However, that meant that little attention was paid to the complex and varied experiences of Asian Americans. When Robert Oxnam, then president of the Asia Society, was asked by The New York Times to write a major article on Asians in the United States in 1986, it made a huge impression on the Asian American communities. A colleague and a friend of mine — who later became a collaborator on a major Asian American national initiative organized by Asia Society in the 1990s — remarked that it was the first time the Society, perceived as a blue-blood Rockefeller institution catering to wealthy whites, paid visible attention to the Asian American experience. As a museum curator and an Asian art historian, I was very familiar with Asia Society’s commitment to traditional Asian art, the kind collected by Westerners. But I too noticed from afar that Asia Society was beginning to focus on the lived experience of immigrants like me when I heard about the first major conference on the Indian American experience, organized by Asia Society as part of the Festival of India in 1985-86.

When I joined Asia Society in 1990 as director of the Asia Society Museum, I was the first department head of Asian origin — there was only one other Asian American person in the senior ranks. We made up lost ground in the succeeding decade by developing an institution-wide initiative to increase Asian American programs, audiences, staff, and board members. With a large grant from the Wallace Foundation, we were also able to develop a robust plan for the study and assessment of Asian American views of the institution. It was shocking, if not surprising, to hear that many Asian Americans didn’t feel welcome to the Park Avenue-based institution before, but were beginning to feel the effects of the changes we were making. “We thought Asia Society was really for white people’s experience of Asia, as an exotic and far way place, not for people like us who may mess up their idea of an unadulterated and pure Asia,” one viewer said.

At the same time, the element of mistrust was strong: Why did the Asia Society receive a generous grant to work on Asian American programs and audiences when so many smaller community organizations were struggling to stay afloat? And how did the institution intend to work with these communities without exploiting them? Asia Society worked hard to show skeptics that partnership was of paramount importance, bringing organizations such as the Asian American Writers’ Workshop and the Asian American Film Festival in its fold to present co-curated programs and strengthen community bonds.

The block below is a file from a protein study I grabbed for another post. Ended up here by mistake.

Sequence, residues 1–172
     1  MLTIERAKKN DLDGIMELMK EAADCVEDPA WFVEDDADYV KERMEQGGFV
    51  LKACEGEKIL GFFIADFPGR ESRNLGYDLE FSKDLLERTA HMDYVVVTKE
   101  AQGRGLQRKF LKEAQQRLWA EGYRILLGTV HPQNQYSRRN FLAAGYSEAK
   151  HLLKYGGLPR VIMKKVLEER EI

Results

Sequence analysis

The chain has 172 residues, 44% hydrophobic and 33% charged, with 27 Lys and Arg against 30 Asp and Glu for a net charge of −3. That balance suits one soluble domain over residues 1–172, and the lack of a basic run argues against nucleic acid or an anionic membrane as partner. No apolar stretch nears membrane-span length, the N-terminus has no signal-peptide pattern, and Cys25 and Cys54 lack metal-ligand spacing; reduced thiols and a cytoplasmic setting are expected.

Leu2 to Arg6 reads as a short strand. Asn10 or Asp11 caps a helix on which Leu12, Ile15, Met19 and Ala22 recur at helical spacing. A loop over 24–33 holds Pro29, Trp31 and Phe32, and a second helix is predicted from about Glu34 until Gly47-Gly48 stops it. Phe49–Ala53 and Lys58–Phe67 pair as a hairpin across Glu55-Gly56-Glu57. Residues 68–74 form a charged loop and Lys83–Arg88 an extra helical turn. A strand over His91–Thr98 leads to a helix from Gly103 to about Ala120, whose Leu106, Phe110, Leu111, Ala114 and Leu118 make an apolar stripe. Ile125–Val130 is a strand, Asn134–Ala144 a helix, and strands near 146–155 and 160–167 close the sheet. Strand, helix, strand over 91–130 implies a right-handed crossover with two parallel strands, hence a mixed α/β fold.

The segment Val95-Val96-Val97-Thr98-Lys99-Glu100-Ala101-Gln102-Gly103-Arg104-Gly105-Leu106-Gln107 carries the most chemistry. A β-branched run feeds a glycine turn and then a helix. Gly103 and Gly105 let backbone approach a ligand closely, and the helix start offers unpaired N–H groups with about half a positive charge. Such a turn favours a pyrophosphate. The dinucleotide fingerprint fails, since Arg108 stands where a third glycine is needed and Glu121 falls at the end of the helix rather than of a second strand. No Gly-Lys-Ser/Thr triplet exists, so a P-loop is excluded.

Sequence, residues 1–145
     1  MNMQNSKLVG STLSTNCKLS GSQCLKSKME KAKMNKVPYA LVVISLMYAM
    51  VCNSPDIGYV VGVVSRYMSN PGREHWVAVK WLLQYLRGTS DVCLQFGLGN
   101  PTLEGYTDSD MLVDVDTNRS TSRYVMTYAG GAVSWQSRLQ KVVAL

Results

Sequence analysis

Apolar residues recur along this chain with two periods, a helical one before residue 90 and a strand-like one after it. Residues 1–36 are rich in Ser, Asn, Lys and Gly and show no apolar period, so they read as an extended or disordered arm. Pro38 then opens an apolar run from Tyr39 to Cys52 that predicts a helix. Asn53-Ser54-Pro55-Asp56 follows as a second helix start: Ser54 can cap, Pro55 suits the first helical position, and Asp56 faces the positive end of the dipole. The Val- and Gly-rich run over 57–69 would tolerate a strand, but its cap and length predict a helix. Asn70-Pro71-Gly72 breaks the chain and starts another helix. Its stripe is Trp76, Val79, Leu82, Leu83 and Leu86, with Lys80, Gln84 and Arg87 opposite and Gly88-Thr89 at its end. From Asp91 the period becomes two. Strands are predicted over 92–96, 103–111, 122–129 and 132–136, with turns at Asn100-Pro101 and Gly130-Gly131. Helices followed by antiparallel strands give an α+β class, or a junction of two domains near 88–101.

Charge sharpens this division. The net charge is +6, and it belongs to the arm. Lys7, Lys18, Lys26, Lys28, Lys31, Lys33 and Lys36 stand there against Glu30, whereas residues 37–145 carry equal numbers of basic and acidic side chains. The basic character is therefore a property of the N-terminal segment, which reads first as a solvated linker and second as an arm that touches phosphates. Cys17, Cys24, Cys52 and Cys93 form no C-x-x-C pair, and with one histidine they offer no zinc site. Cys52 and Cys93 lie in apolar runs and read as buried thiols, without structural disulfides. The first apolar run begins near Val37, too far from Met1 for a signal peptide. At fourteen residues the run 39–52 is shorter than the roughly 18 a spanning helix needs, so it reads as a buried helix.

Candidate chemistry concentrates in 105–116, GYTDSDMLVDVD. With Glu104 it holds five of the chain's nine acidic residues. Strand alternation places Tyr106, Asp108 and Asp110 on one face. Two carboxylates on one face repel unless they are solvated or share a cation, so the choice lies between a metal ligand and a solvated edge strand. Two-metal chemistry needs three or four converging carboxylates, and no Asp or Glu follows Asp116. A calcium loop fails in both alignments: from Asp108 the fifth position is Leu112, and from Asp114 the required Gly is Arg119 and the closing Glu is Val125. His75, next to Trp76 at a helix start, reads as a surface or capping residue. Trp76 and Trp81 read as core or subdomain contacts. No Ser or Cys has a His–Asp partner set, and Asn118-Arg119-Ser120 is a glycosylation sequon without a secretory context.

When I became president of Asia Society in 2004, the responses from a diverse group of Americans and Asian Americans were surprising, but also consistent with prevailing attitudes: “I never thought Asia Society would appoint a person of Asian origin, let alone a woman, to lead the institution,” said one. “How will Chinese and the Pakistani leaders react to the appointment of an Indian to an American institution?” (Never mind that I had been an American citizen for 25 years by that point). A Chinese diplomat was more direct. “When I close my eyes, I hear an American voice,” he said. “But when I open my eyes, I realize that you are actually Indian. I am confused. How will you, an Indian, make decisions in your position as the president of Asia Society, an American institution?” The fact that I defined myself as an Asian American (Asian and American) was still difficult for many people to acknowledge and accept, even in the first part of the 21st century. This was true not just in the United States but also in Asia.

Now in the third decade of the 21st century, there are many Asian American doctors and public health experts discussing the COVID-19 situation in national media outlets as well as prominent Asian American lawmakers in Congress speaking on wide range of issues. The election of Vice President Kamala Harris, the first Asian American and the first African American female to hold the second highest political position in the country, suggests that we have made progress in seeing Asian Americans as true Americans.

But the continuing violence against people of Asian descent, targeted for an association with their country of ancestral origin rather than their adopted land, suggest that we have a long way to go. We must continue fighting for Asian Americans’ rightful place in America by telling their stories, standing up for their rights, and by creating coalitions among Asian American and other communities of all stripes. Only then will we fulfill the promise of making a more perfect union, embodied in the motto: E Pluribus Unum. Unity in diversity.

(Dr. Vishakha N. Desai is former president of the Asia Society.)